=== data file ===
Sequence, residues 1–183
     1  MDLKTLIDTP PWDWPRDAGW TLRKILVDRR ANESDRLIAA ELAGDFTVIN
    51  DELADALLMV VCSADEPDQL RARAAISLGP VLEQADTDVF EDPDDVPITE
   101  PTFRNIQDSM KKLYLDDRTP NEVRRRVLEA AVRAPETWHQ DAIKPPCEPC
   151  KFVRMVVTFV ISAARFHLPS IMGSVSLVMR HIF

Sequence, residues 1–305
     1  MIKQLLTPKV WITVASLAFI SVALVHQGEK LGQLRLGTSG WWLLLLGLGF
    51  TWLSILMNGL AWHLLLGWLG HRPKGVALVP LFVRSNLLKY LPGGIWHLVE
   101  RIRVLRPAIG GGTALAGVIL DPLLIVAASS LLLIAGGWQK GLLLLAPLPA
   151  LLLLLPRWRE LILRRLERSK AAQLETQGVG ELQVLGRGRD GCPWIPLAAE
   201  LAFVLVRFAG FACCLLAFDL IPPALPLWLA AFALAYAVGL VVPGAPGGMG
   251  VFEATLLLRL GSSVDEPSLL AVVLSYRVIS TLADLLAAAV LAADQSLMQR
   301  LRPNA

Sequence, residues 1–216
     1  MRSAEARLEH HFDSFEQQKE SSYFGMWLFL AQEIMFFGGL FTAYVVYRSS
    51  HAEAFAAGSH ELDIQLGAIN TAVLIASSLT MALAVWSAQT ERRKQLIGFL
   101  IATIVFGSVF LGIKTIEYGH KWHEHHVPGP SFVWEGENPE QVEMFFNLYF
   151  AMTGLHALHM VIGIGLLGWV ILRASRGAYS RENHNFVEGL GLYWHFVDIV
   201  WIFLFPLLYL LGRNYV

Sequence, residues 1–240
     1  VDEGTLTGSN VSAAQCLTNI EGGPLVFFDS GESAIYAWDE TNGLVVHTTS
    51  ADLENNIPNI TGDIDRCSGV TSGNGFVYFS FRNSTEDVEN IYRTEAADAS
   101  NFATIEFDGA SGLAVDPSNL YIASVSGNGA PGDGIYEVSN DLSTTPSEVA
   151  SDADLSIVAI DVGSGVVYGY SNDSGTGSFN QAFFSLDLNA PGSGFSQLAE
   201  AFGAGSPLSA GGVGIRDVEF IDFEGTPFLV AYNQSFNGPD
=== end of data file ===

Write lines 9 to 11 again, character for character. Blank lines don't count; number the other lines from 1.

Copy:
   101  RIRVLRPAIG GGTALAGVIL DPLLIVAASS LLLIAGGWQK GLLLLAPLPA
   151  LLLLLPRWRE LILRRLERSK AAQLETQGVG ELQVLGRGRD GCPWIPLAAE
   201  LAFVLVRFAG FACCLLAFDL IPPALPLWLA AFALAYAVGL VVPGAPGGMG